Earlier this week, SPACE10, IKEA’s research and design lab in Copenhagen, launched its new exhibition Kaleidoscopic Home. The exhibition brings the digital platform Everyday Experiments to life for the first time to explore how playful interventions in space can enrich our physical and mental wellbeing. From now until April 2022, visitors of all ages are invited to step into an immersive environment that stimulates the ‘infinite ways of seeing, moving, and being at home.’
Taking centre stage in the exhibition is Australian design duo Tin & Ed, who initially envisioned augmented reality (AR) application that turns your home into a living playground filled with an ever-changing array of sculptural forms. Using emerging technologies like object recognition, generative forms would emerge from the surface of your tables and chairs, floors, walls and ceilings. The application could even use your health data to create personalised arrangements based on your specific health needs.
Play As the purest form of creativity
When SPACE10 asked them to extend their digital experiment into physical space, they jumped at the chance to create an experience of ‘sensorial awakening’. Tin & Ed were intrigued by studies showing that spaces that engage the senses in multiple ways can have positive physical and mental benefits. They also researched artists and architects with different perspectives on how space could be used. Playground designer Isamu Noguchi, for example, believed that sculpted, artistic environments are an important part of everyday life and that children should experience a playground the way humans first experienced Earth: as a spectacular and complex place.
What if we could infuse this sense of wonder into our everyday lives? ‘Play is vital for children’s mental, physical and social development, but we believe it’s just as crucial for people of all ages,’ explains Tin. ‘We know that when adults play, it can relieve stress and increase emotional wellbeing. The aim for this exhibition is to show how an otherwise familiar room can be transformed into something unexpected.’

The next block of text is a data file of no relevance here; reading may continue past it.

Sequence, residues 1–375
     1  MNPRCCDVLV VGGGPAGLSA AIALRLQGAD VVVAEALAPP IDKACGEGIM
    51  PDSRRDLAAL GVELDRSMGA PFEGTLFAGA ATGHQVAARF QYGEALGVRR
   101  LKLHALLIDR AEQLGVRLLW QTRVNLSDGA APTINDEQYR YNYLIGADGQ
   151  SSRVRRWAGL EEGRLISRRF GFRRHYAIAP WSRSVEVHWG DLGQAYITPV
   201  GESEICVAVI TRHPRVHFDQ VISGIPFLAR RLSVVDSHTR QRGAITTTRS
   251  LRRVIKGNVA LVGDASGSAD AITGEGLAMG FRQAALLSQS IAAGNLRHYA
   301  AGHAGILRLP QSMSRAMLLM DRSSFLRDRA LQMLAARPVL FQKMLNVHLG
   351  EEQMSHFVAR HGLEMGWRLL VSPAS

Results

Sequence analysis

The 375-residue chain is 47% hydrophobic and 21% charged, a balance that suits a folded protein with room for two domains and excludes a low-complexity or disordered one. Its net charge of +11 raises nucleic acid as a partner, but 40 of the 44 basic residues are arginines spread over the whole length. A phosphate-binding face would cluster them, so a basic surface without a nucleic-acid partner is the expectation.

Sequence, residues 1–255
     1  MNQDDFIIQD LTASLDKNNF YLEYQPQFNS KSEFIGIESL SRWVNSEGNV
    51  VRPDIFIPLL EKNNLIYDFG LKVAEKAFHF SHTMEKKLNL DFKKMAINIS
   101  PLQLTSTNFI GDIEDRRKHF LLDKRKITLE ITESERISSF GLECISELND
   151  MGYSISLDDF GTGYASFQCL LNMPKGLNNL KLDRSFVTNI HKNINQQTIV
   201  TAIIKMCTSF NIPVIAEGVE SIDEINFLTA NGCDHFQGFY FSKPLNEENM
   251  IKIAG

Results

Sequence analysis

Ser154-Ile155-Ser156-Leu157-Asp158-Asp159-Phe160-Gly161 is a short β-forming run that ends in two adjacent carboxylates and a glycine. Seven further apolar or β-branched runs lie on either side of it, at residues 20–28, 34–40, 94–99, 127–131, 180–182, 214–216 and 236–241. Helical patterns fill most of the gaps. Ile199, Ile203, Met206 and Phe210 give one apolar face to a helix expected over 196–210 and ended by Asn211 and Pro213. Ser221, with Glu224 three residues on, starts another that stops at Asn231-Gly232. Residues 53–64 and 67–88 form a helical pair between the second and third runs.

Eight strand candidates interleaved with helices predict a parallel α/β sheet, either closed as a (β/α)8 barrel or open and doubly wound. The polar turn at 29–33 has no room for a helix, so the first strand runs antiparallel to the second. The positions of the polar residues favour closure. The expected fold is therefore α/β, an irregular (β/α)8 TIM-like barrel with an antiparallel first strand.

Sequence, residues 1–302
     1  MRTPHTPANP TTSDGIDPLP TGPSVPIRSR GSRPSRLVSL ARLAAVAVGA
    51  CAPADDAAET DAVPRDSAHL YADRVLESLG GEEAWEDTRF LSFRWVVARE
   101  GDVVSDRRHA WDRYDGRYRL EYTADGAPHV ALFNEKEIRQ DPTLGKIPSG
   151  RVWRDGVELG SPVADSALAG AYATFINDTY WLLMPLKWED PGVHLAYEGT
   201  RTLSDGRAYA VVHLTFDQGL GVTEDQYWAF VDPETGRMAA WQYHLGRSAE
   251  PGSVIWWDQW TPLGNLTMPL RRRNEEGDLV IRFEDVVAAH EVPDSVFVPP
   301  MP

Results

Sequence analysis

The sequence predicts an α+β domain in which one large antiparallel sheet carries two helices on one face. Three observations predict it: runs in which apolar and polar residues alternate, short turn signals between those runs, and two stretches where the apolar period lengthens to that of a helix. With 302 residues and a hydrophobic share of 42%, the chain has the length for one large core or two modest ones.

‘Play is vital for children’s mental, physical and social development, but we believe it’s just as crucial for people of all ages.’
Now open to the public, Kaleidoscopic Home encourages guests to look around, explore, get comfortable, get uncomfortable. Vibrant inflatable sculptures fill the room, bathed in curious lighting designed by collaborators Fady Sadeq and Asif Rahman. Dodging, ducking, touching, cuddling are all highly recommended.
Also showcased in the exhibition is an array of clever ideas and fictional prototypes that further challenge the role of technology in the home. Since its inception in 2020, Everyday Experiments has explored 31 speculative proposals created with 17 studios and independent designers from around the world. All experiments are presented through visual and video storytelling in the exhibition. By sharing the ideas publicly, the aim is to get feedback early and pinpoint immediate attraction to certain scenarios.
Kaleidoscopic Home opens on Tuesday, 16 November 2021 and runs until 30 April 2022. The exhibition is free of cost and open from Tuesday-Friday (and one Saturday a month) at SPACE10 Gallery in Copenhagen, Denmark. More info: www.space10.com
All images courtesy of SPACE10. Photo: Seth Nicolas.